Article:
Pictures of Spacecraft
NASA’s Orion spacecraft completed a key parachute test Aug. 26 at the U.S. Army Yuma Proving Ground in Yuma, Arizona. After being dropped by a C-17 aircraft from a height of 35,000 feet, Orion descended to the ground with a simulated failure of one drogue parachute and one main parachute. This was the sixteenth parachute development test, and the next-to-last of the program before crewed flight qualification tests begin next year.
NASA’s Orion spacecraft completed a key parachute test August 26, 2016 at the U.S. Army Yuma Proving Ground in Yuma, Arizona. After being dropped by a C-17 aircraft from a height of 35,000 feet, Orion descended to the ground with a simulated failure of one drogue parachute and one main parachute. This was the sixteenth parachute development test, and the next-to-last of the program before crewed flight qualification tests begin next year.
Members of the Mars Exploration Rovers Assembly, Test and Launch Operations team gather around Rover 2 (which was to be named Spirit later) and its predecessor, a flight spare of the Pathfinder mission's Sojourner rover, named Marie Curie, in February 2003, during its first driving test.
This artist's sketch is based on the Curiosity rover in NASA's Mars Science Laboratory mission, with proposed modifications based on the science definition team's recommendations. Mission planners would potentially leverage aspects of Curiosity rover design for a Mars mission designed to launch in 2020.
This amazing video of the end of the Hayabusa mission was captured from the window of a DC-8 aircraft operated by NASA as part of the Hayabusa Re-entry Airborne Observing Campaign. The movie captures the fiery breakup of the Hayabusa mothership, as well as the steadier burn of the sample return capsule. The original video can also be viewed on YouTube or you can download it here (42 MB, Quicktime format). To produce this animation, one frame per second was extracted from the full movie, and the frames aligned on the position of the reentry capsule. Then the contrast was adjusted to set the sky black and emphasize subtler features in the fireballs. (Click the image to view a higher resolution version.)
All sequences involving Curiosity's robotic arm must be tested with the Virtual System Testbed (VSTB, nicknamed "Maggie") before being run on Mars. This is a test of the 360-degree panorama inspired by Curiosity's sol-34 "belly pan", performed on July 30, 2013. The sequence was eventually run on Mars on sol 1065 (August 5, 2015). The seated engineer is Joseph Carsten, the rover planner who developed the Curiosity self-portrait arm sequences.
This low-angle self-portrait of NASA's Curiosity Mars rover shows the vehicle above the "Buckskin" rock target, where the mission collected its seventh drilled sample. The site is in the "Marias Pass" area of lower Mount Sharp. It was taken on sol 1065 with the MAHLI camera on the end of the robotic arm.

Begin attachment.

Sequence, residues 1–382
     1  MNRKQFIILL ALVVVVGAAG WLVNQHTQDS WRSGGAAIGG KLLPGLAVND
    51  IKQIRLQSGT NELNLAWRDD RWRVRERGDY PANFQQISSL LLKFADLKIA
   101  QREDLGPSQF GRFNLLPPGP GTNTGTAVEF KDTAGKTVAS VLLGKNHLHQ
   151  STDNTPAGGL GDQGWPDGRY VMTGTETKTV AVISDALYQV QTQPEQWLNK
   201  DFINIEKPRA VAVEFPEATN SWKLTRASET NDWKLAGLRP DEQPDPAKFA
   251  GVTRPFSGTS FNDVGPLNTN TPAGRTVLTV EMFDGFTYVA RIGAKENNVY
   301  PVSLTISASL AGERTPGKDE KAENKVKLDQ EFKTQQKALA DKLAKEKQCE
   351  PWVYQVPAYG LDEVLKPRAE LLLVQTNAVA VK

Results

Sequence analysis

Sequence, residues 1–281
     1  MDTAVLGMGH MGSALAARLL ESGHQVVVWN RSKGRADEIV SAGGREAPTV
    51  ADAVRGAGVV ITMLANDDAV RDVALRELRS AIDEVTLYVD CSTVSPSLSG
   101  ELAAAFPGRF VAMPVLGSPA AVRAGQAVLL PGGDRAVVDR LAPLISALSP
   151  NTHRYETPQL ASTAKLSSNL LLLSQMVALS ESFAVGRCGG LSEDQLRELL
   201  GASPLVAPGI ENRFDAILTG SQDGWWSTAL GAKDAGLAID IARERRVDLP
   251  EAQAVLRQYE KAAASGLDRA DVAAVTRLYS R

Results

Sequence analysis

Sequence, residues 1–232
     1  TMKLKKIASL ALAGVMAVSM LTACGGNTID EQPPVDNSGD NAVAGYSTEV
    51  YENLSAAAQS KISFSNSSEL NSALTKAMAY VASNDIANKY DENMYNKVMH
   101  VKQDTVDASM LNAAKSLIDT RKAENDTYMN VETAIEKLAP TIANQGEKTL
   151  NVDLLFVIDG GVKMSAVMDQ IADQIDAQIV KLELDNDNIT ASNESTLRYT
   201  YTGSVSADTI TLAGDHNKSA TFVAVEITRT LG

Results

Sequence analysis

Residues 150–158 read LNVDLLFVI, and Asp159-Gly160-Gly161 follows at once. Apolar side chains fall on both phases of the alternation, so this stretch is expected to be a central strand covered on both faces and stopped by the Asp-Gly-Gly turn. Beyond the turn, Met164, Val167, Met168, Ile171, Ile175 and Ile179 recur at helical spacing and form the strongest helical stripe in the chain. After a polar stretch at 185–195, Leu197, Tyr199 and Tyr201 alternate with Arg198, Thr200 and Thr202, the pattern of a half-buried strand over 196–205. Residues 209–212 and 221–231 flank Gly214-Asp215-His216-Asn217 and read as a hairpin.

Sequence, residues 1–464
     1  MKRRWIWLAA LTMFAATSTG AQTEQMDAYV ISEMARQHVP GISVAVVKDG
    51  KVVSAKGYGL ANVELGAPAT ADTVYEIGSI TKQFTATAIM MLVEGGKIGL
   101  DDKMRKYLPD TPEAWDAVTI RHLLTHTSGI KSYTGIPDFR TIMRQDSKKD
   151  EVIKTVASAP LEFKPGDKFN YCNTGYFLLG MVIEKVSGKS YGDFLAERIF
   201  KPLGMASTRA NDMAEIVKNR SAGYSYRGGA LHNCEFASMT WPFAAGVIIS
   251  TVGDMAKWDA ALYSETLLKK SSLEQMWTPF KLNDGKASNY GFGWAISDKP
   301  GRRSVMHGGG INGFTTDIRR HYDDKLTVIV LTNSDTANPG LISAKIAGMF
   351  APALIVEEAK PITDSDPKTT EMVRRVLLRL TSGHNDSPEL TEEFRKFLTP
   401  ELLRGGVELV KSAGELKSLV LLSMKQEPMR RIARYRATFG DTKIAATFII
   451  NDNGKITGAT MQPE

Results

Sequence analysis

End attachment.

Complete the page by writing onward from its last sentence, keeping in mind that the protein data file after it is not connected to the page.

Camera and robotic-arm maneuvers for taking a self-portrait of the NASA Curiosity rover on Mars were checked first by the Vehicle System Test Bed (VSTB) rover, a test unit located in the Mars Yard at the Jet Propulsion Laboratory.
This photo was taken during testing at the Jet Propulsion Laboratory on June 3, 2011 at NASA's Jet Propulsion Laboratory. The turret at the end of Curiosity's robotic arm holds five devices. In this view, the drill is at the six o'clock position. The next device clockwise is the Collection and Handling for In-situ Martian Rock Analysis device, or CHIMRA. It includes a soil scoop and a set of chambers and labyrinths for sieving, sorting and portioning samples of rock powder or soil for delivery to analytical instruments. At the 10 o'clock position is the Alpha Particle X-ray Spectrometer (APXS). Behind the forearm are the Mars Hand Lens Imager (MAHLI) and the Dust Removal Tool (DRT). All told, the turret alone weighs 34 kilograms -- three times more than the total mass of the first Mars rover, Sojourner (11.5 kg).
Curiosity's arm-mounted MAHLI camera took 72 individual photos over a period of about an hour in order to cover the entire rover and a lower hemisphere including 360 degrees around the rover and more than 90 degrees of elevation. It took 2 tiers of 20 images to cover the entire horizon, and fewer images at lower elevations to cover the bottom of the image sphere. The arm was kept out of most of the images but it was impossible to keep the arm's shadow from falling on the ground in positions immediately in front of the rover.
Noguchi took this photo from his berth aboard the International Space Station on April 5, 2010, as the Station flew through Earth's aurora at 28,000 kilometers per hour. A geomagnetic storm was exciting an unusual level of auroral activity at the time. A Russian Progress module is visible docked to the Station in the middle ground.
Six views of the New Horizons spacecraft, looking down each of the spacecraft axes. The spacecraft coordinate system is such that +X is out along the RTG, +Y is up through the antenna, and +Z is out in the direction of Alice and Ralph. Visit this page for individual images devoted to each axial view. The same model was used to produce this animated turntable view of New Horizons.
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